How My Uber Driver Showed Me What It Means to Be a Christian

Today I woke up at 4am to catch a flight to Philly. As I’m sure you can imagine, it was a fun time.

Got to my gate... realized I forgot my headphones in the car. First time ever. Wonderful. When I’m traveling, I rely on my headphones about as much as I rely on air to breathe. (Okay, that may be a little dramatic, but you get the point.)

My flight was only an hour, so I thought I‘d at least be able to make it through the flight with some coffee. Got coffee on the flight and—not kidding—it tasted just like cigarette smoke smells. I don’t know HOW in the world I drew that comparison, but it’s the first thing I thought of when I took my first sip. Lovely.

Then, after I picked up my bags in baggage claim, I sat down at a table next to a snack stand. For some reason, the woman behind the counter couldn’t have been more irritated with me. She began cleaning all the tables and seats, asking me to get up and move around all my stuff so she could wipe down my table and chair. Don’t really know why she didn’t seem to enjoy having me there... let’s just give her the benefit of the doubt and say she was having an off day. ;-)

So there I am. Tired, no headphones to listen to podcasts, music or to at LEAST block out the noise of the airport, an annoyed store owner two feet away from me, and—oh, that’s right—8+ hours of being stuck in this airport before I could head to the retreat center I’m playing music for this week. I decided I’d just take an Uber to a Panera near the retreat center and do some work for the next million or so hours.

Cue my Uber driver, Frank. After this morning of fun, I just wanted to sit quietly on my phone and make it to Panera. I’m usually super social, but I just really wasn’t in the mood this morning. (Sure, my morning wasn’t absolutely horrible, but we’re all allowed to have our moody days, right?) But Frank, a friendly, rough-around-the-edges Philly native, started asking me questions about myself and why I was visiting. I asked him a few questions too, and ended up getting to learn a lot about his faith life (and so many other things). He then proceeded to offer to take a detour so I could drop my guitar and suitcase off at the retreat center before heading to Panera, so I wouldn’t have to awkwardly lug it around all day. How kind. I told him he didn’t need to do that, especially since that’s definitely not usual (like... whatsoever) for an Uber driver, and he’d be wasting time and money, but he insisted.

We arrived at the retreat grounds, which turned out to look more like a college campus than anything. Huge and confusing, with all of about two people around to ask for directions. Nobody seemed to know much. Frank walked around with me from building to building, trying to find out where the check-in desk was so I could ask them to keep my stuff for the day until I returned. We did that for FIFTEEN MINUTES. Frank and I walking around the campus cluelessly. The whole time, I thanked him and said we could just head to Panera because I didn’t want to waste any more of his time. He insisted that he wanted to find out where I could leave my luggage until I could check in later on so I would have an easier day.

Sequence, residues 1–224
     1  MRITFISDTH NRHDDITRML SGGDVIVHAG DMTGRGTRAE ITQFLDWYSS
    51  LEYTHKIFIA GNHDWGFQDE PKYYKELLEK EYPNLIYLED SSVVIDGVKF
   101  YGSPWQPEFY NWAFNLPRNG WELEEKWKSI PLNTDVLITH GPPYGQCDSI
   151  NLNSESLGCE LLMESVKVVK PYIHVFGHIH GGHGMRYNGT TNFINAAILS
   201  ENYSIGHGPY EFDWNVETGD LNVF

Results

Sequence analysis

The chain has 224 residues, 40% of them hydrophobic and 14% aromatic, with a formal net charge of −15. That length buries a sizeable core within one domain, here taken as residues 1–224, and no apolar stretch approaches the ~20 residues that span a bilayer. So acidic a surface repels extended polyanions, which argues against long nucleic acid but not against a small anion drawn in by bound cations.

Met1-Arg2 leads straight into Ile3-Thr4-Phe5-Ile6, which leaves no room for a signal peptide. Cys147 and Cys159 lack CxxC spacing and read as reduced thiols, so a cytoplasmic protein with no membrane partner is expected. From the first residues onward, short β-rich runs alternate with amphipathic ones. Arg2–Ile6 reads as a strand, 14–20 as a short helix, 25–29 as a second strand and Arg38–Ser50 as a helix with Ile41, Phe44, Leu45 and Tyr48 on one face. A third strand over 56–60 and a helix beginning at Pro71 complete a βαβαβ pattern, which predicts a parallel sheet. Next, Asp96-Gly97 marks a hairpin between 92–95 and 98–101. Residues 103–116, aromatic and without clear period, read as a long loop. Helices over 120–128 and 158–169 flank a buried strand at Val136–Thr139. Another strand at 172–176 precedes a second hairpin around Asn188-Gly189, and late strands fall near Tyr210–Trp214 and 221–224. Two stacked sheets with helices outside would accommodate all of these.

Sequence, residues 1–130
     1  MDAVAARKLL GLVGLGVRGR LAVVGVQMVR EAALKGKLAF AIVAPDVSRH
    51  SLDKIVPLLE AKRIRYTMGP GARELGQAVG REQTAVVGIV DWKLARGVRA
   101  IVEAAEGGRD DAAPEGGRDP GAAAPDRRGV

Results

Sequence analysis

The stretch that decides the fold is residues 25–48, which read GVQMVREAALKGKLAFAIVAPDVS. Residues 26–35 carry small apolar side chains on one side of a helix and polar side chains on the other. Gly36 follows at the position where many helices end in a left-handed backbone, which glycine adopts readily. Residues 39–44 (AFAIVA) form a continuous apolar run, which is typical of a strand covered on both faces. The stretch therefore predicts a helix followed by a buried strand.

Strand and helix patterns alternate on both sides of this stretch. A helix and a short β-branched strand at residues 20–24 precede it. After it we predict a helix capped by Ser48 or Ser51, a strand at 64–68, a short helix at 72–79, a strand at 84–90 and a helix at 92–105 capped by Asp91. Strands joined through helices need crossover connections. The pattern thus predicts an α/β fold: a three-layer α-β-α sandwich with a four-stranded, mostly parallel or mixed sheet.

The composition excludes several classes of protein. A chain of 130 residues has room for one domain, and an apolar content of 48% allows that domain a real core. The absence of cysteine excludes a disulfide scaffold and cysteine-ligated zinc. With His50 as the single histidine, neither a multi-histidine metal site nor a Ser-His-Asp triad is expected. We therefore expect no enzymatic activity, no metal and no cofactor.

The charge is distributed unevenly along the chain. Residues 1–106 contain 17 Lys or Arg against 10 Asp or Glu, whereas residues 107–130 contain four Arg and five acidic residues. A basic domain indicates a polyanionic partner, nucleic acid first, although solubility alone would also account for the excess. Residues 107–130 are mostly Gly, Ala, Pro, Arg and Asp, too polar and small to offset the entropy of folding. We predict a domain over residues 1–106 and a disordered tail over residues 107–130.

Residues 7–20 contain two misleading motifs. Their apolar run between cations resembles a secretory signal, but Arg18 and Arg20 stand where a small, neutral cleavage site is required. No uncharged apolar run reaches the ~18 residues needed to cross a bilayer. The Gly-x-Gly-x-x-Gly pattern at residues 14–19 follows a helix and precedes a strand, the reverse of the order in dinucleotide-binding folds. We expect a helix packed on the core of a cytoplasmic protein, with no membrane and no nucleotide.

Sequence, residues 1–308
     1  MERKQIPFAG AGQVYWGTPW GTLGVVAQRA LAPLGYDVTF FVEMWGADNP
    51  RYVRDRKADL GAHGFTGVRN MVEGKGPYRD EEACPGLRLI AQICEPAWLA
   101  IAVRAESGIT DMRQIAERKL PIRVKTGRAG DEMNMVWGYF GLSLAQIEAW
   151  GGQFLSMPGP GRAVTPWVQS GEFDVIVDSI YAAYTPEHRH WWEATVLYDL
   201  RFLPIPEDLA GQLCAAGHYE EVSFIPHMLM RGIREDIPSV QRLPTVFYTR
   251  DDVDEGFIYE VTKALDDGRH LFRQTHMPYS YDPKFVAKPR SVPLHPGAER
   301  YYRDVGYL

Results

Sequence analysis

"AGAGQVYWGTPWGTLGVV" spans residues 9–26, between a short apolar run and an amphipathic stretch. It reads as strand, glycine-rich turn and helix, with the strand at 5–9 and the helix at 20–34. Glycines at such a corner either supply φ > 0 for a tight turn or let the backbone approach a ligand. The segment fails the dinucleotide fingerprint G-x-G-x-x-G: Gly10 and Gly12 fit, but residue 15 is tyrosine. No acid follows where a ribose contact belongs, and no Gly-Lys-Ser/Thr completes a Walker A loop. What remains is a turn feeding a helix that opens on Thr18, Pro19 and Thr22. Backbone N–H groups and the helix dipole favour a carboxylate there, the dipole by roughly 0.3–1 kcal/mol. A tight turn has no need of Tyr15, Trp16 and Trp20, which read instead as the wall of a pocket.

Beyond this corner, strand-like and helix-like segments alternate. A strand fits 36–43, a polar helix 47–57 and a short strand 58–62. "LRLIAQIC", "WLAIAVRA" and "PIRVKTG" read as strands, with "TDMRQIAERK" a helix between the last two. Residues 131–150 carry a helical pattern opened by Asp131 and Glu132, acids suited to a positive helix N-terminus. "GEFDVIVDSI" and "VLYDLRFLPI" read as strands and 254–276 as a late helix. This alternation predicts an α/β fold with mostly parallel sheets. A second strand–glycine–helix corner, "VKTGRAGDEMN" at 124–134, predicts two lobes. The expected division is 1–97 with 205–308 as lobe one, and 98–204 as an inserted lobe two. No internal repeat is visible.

We finally (praiseee GOD, hallelujah!) found the building where I could check in, but of course, no person behind the desk. Frank ran off to find someone that worked there and spent another 5 or 10 minutes until he found someone for me to talk to.

Thankfully, she let me keep my guitar and suitcase behind the desk. (Can you imagine if she didn’t let me, after ALL of that?!) So, after a 35+ minute detour, running around trying to help me find out where to drop off my stuff, Frank finally drove me to Panera, laughing about how confusing and absurd the whole experience was. Not as simple as he thought it was going to be. But as many times as I apologized and thanked him, he just smiled and said he’d have rather been helping me today during that time than anything else, insisting it was no problem.

In a matter of an hour, I went from having a not-so-great day to one of the sweetest I’ve had in a while. All Frank was obligated to do was drive me to my destination, but he instead ended up wasting 35 or 40 extra minutes with me just so I could have a slightly less difficult day today.

It made me think. We often have this idea that being a good Christian means making gigantic sacrifices or doing HUGE heroic things. But most of the time it’s not. Frank reminded me of that. In his mind, he didn’t do anything grand, yet his above-and-beyond kindness, and the joy he exuded while showing it to me, turned my whole day around and refreshed my soul. You might have come to read this blog post thinking you were going to hear a story about some amazing, out-of-this-world thing an Uber driver did for me or shared with me. But that’s just it…it may not seem amazing at first glance, but it’s an amazing story to me.

After about the first ten minutes of walking around the retreat grounds, trying to find the right building, Frank said he’d once learned at a retreat that when a situation (like simply trying to find the stinking front desk!) turns out to be more confusing or harder than expected, God always has a reason for it. And he said he knew there was a reason for our situation becoming so hilariously ridiculous. A reason that we were doing this together. I agree. God changed and humbled my heart today through Frank. I want to be more like him... his small act of kindness shined boldly with Christ’s love. Something I genuinely needed to feel today. And I won’t forget it.

So when you worry you need to do great and marvelous things to be the kind of person God calls you to be, remember that’s the case only about 1% of the time. The other 99% of the time, small things done with great love can and WILL change lives little by little. Frank understands that more than most, and I want to, too.